Doable Change episode #4 Our guest today has performed all over the world from The Tonight Show to Madison Square Garden to Superbowl commercials as the world's only rhythmic juggling beatboxer. These days he's busy being speaker, author, coach, and new father. He and his wife Cyndi recently wrote "BAM: The Bold Achievement Method" and lead online courses about learning skills and achieving success. I'm proud to call him my good friend, Bronkar Lee. Takeaway #1 If you want to make a change, make a commitment. It's best to do this with someone else who can help spot you. Takeaway #2 Renegotiate as needed. Once you've made a commitment, know that you can almost always renegotiate it. Things change, schtuff happens,
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Google had a problem. Their vitally-important YouTube Partners didn’t understand how to use YouTube’s complex backend systems. They were relying on classroom training to certify such professionals, but were only training about 1,000 professionals a year. My colleagues and I solved this problem by developing 90 videos in eight weeks thereby creating the YouTube Certified Online training program. During the following year, nearly 10,000 professionals took the training, a 10-fold increase. We made the videos. We scripted them, directed them, led the production team & post-production team, and then uploaded everything to the learning management system (LMS) and built out the exam and all the behind-the-scenes stuff that makes it all work. Pulling off such a huge transformation in such a short
Doable Change episode #3 Our guest on the podcast today is an authority on learning and behavior change. Author of the book "Design for How People Learn" Julie Dirksen combines modern usability research with psychological studies and behavioral economics to help people learn better. She's also delightfully practical and always seems to have some real-world example to illustrate a larger point. I hope you enjoy today's conversation about learning and change, here on Doable change. Takeaway #1 If you're whiteknuckling yourself with willpower you're doing it wrong. It's not that this can't work, but that it's the hard way. And the science shows that it likely won't last. Takeaway #2 You tend to make better decisions when you consider the
We don't like to think of ourselves as lazy. So obviously I’m talking about other people here. You know, the ones who aren't curious to learn new stuff or change what they're doing, even if it's not working out that great. In other words, most people, most of the time, and most especially the ones we are asked to make learning for every day. We can try and pump them up, we can shame, we can blame, and we may win some of them over for a little bit. But not all of them, and not for long. Fortunately, we don't need to change their behavioral state, we only need to change their actual behavior. We can choose to adapt to the learner's very predictably lazy ways. "Designing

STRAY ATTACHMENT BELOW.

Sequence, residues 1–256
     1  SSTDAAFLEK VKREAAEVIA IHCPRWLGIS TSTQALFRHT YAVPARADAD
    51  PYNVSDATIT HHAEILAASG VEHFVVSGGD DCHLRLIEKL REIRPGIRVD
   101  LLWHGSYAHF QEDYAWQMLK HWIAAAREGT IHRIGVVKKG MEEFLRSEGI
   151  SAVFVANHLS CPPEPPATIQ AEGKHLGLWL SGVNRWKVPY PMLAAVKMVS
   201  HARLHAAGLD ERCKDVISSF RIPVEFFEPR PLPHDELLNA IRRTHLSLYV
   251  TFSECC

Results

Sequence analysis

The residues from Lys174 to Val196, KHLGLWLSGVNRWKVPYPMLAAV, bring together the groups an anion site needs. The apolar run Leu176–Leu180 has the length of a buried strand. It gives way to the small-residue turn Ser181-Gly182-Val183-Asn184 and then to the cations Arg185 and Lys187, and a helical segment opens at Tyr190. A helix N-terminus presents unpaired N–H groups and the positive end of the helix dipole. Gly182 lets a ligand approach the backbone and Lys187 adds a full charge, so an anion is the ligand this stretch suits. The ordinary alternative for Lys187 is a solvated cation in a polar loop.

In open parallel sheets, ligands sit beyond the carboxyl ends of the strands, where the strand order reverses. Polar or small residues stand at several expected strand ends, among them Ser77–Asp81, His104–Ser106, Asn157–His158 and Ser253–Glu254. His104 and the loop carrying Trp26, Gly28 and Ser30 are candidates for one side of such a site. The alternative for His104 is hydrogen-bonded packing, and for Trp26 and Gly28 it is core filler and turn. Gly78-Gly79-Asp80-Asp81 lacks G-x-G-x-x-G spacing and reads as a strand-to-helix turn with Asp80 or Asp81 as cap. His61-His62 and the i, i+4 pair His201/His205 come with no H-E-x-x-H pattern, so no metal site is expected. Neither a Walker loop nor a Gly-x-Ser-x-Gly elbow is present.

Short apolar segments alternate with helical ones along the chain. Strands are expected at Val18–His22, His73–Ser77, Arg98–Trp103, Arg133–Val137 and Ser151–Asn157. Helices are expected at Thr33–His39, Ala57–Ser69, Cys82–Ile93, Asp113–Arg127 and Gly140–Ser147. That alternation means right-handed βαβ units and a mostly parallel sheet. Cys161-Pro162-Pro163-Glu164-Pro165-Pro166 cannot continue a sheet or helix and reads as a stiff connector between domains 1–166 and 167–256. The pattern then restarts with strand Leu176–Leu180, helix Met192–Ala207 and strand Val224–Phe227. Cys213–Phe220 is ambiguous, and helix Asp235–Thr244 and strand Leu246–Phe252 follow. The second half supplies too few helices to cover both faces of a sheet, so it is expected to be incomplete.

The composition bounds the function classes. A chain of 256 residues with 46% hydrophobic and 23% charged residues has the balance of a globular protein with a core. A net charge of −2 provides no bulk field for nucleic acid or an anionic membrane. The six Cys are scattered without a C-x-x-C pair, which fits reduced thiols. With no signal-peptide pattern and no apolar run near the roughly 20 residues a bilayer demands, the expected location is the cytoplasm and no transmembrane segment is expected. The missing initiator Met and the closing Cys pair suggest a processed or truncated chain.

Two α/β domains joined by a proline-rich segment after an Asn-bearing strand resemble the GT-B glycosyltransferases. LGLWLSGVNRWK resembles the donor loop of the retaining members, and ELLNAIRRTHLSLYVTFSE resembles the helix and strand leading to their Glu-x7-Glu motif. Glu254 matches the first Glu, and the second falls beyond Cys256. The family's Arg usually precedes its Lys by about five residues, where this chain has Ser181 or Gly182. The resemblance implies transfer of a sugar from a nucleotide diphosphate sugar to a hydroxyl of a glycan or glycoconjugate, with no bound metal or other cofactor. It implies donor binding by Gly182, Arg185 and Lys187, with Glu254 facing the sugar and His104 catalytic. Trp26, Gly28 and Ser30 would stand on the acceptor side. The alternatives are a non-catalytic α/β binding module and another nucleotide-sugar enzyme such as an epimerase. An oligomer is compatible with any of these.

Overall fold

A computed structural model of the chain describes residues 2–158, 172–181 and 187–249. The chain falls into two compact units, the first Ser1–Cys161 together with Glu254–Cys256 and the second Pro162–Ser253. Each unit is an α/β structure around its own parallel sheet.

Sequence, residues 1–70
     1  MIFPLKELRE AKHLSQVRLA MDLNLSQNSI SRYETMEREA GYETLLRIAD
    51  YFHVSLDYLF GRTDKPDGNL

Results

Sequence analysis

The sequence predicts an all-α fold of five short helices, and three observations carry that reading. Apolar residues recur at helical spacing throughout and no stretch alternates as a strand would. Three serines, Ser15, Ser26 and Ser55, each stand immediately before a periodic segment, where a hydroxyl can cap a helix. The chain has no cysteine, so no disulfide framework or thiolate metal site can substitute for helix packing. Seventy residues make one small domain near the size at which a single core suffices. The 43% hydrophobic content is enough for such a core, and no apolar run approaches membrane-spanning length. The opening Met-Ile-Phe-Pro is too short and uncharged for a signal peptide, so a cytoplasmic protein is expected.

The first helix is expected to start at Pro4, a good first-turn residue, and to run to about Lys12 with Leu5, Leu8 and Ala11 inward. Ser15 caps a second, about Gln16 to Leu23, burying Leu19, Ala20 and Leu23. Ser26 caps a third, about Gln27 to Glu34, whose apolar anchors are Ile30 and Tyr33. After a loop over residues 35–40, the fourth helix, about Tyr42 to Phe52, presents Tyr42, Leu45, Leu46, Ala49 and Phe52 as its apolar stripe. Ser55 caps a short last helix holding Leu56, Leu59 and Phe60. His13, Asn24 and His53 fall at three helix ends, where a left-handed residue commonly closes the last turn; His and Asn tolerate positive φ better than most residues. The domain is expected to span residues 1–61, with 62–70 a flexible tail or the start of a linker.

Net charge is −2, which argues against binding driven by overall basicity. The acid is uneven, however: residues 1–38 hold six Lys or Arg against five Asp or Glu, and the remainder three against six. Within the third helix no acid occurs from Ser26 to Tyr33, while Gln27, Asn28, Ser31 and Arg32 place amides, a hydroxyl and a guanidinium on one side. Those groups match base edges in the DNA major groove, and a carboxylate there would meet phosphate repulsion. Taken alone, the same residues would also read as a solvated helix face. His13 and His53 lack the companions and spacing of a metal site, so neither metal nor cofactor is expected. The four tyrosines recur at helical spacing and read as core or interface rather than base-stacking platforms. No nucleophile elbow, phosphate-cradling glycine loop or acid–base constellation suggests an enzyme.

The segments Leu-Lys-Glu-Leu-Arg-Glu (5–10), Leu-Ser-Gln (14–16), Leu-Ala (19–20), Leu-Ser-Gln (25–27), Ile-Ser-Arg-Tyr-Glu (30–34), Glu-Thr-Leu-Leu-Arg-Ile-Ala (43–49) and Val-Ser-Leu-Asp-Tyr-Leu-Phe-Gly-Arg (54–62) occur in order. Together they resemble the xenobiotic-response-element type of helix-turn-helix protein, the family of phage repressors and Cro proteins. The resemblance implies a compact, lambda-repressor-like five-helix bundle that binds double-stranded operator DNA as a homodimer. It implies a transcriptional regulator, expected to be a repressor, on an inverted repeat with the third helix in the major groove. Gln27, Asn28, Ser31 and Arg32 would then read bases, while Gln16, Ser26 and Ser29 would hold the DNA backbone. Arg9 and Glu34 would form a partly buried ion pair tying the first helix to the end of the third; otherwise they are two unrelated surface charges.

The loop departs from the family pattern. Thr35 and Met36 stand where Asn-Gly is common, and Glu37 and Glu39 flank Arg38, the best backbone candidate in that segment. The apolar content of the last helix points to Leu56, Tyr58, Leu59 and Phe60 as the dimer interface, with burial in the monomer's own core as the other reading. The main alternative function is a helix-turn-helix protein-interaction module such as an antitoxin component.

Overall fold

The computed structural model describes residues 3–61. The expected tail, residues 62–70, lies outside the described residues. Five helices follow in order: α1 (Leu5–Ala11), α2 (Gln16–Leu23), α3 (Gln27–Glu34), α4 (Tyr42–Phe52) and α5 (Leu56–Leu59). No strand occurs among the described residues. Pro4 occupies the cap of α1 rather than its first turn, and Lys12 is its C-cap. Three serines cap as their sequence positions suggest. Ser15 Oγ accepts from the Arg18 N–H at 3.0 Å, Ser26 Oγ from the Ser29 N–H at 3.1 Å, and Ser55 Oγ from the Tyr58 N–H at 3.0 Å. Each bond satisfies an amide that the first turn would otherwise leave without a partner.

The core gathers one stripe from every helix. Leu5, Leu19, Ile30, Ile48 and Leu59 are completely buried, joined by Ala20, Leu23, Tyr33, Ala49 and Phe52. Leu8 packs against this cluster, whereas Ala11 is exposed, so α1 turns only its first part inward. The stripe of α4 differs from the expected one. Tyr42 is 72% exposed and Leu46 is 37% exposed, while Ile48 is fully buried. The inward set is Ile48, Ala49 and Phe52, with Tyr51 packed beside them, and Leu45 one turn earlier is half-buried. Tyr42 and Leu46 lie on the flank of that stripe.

Doable Change episode #2 Our guest today is the inventor of the Applied Information Economics method and author of "How to Measure Anything: Finding the Value of Intangibles in Business" His career has focused on solving current issues facing today’s corporations in industries such as insurance, financial services, pharmaceutical, healthcare, utilities, energy, federal and state government, entertainment media, military logistics, and manufacturing. He's also a popular speaker at conferences all over the world and the resources on his website have helped many thousands of become better at evaluating change. I'm happy to welcome Mister Douglas Hubbard to talk about measuring change here on Doable Change. Takeaway #1 You can measure anything, including the value of the change you're working towards.
Doable Change episode #1 Today we'll be talking with someone whose bio reads like a modern fairy tale. She's worked with some of the biggest names in music and show business before they were big, and then helped them deal with the life altering impacts of that success. She's the person the Grammy Awards bring in when there's been a bomb threat, to ensure that the coast is clear. She's worked with governments in hostage negotiations to bring people to safety. And with world-renown scientists on communications between species. She works with corporations to be more effective and less destructive. She's helped thousands and thousands of people directly through physical healing work, and her psychological work with entire family systems.